South Carolina and Nevada vote in US primaries

Republican Trump solidly ahead in S Carolina, polls say, as Democrats Clinton and Sanders go neck-and-neck in Nevada.


    Voters in South Carolina have begun casting their ballots in the "First in the South" contest to pick the Republican nominee for the November 8 US presidential election.

    Out west, Democrats gathered on Saturday across the state of Nevada for caucuses that marked the first test for Hillary Clinton and Bernie Sanders in a more racially diverse state than the opening contests in Iowa and New Hampshire, which the candidates split.

    While Clinton's campaign once saw Nevada as an opportunity to start pulling away from Sanders, her team was nervously anticipating a close contest with the Vermont senator.

    Trump ahead in polls

    Opinion polls in South Carolina showed frontrunner Donald Trump solidified his spot at the top of the pack and rivals Ted Cruz and Marco Rubio fighting for a second-place finish.

    Behind them, Republican candidates Jeb Bush, John Kasich and Ben Carson could be vying in South Carolina to keep their campaigns alive before the presidential race rapidly picks up steam in March when dozens of states hold nominating contests.

    Republican Party would love to see Trump fall

    An NBC News-Wall Street Journal/Marist poll released on Friday showed Trump in the lead with support from 28 percent of likely Republican primary voters, followed by Cruz at 23 percent.

    Rubio led Bush narrowly, 15 percent to 13 percent.

    Voting in South Carolina will end at 00:00 GMT.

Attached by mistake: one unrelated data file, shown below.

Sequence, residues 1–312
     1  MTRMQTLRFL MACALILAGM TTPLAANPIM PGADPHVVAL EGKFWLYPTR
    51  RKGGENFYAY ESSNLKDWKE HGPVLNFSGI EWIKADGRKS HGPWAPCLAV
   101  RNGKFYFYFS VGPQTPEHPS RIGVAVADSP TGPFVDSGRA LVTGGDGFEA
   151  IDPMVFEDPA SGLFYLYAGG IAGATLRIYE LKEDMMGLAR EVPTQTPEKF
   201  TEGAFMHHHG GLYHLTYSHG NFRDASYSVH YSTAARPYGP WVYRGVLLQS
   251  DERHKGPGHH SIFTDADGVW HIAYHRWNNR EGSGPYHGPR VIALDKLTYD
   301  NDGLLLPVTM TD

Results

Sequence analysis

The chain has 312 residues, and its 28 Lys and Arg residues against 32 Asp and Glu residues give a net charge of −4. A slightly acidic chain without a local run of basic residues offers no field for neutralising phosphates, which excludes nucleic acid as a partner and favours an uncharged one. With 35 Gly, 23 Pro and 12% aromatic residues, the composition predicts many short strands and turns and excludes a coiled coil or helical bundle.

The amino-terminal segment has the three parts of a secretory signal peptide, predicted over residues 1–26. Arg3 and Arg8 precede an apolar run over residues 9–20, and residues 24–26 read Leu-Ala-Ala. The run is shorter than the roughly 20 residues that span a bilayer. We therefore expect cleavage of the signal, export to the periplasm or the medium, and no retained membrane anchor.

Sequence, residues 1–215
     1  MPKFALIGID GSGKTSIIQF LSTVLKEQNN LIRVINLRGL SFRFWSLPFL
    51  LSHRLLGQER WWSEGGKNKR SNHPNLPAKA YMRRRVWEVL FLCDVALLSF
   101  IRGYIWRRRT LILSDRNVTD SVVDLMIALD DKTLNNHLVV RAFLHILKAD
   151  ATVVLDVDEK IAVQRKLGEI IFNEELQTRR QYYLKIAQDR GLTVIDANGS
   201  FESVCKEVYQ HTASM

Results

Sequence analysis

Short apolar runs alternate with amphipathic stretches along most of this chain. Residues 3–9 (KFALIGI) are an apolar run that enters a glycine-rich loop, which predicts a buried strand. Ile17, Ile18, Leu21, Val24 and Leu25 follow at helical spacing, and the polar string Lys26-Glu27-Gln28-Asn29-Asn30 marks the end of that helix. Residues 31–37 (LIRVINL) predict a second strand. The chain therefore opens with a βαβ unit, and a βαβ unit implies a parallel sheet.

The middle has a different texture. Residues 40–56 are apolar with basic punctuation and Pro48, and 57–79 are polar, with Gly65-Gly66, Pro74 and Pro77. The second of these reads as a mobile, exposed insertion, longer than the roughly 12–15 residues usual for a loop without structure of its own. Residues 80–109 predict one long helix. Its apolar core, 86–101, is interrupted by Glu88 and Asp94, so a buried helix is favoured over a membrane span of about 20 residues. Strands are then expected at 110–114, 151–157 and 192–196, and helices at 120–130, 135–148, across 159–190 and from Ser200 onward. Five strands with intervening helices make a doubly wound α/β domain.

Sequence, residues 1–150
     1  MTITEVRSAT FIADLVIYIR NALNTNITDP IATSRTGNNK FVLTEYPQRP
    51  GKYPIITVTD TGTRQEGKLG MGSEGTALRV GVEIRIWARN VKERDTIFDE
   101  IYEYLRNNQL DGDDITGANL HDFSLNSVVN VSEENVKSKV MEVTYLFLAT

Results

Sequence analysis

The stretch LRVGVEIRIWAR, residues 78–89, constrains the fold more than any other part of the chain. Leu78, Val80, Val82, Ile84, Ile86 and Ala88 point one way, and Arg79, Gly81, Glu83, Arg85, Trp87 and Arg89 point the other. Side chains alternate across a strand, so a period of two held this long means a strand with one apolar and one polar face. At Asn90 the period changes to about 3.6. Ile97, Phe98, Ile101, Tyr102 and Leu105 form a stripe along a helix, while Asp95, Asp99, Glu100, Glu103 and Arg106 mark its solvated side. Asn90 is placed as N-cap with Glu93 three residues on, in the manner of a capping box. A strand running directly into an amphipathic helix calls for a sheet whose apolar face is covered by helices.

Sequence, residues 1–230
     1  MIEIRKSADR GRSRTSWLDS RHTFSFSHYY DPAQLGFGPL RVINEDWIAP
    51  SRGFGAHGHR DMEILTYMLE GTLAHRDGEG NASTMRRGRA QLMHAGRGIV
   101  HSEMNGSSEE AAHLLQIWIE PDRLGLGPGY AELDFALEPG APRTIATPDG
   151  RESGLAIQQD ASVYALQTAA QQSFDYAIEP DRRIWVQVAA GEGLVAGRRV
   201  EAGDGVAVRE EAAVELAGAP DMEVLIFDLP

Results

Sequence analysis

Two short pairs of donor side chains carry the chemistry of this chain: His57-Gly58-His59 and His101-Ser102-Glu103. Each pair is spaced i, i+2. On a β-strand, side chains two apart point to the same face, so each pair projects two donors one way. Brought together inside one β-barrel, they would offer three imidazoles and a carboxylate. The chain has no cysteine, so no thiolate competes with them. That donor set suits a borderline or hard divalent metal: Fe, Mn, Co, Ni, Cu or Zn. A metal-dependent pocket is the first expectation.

Clinton vs Sanders

    For Democrats, the contest between Clinton and Sanders has grown closer than almost anyone expected.

    Sanders, an avowed democratic socialist, has energised voters, particularly young people, with his impassioned calls for breaking up Wall Street banks and providing free tuition at public colleges and universities.

    Clinton hoped to offset Sanders' youth support by winning big majorities among blacks and Hispanics. She eyed Nevada, where one-fourth of the population is Hispanic, as the first in a series of contests that would highlight that strength.

    But Clinton's campaign has played down expectations in Nevada in recent days.

    A victory for Sanders - or even a narrow loss to Clinton - would give his campaign a boost heading into the Democratic contests in 11 states on Super Tuesday.

    Democrats were to gather at 200 caucus sites, including six at Las Vegas Strip casinos so housekeepers, blackjack dealers and others with weekend schedules could attend.

    Democrats and Republicans will swap locations in the coming days. Republicans hold their caucuses in Nevada on Tuesday, while Democrats face off in South Carolina on February 27.

    SOURCE: Reuters And AP


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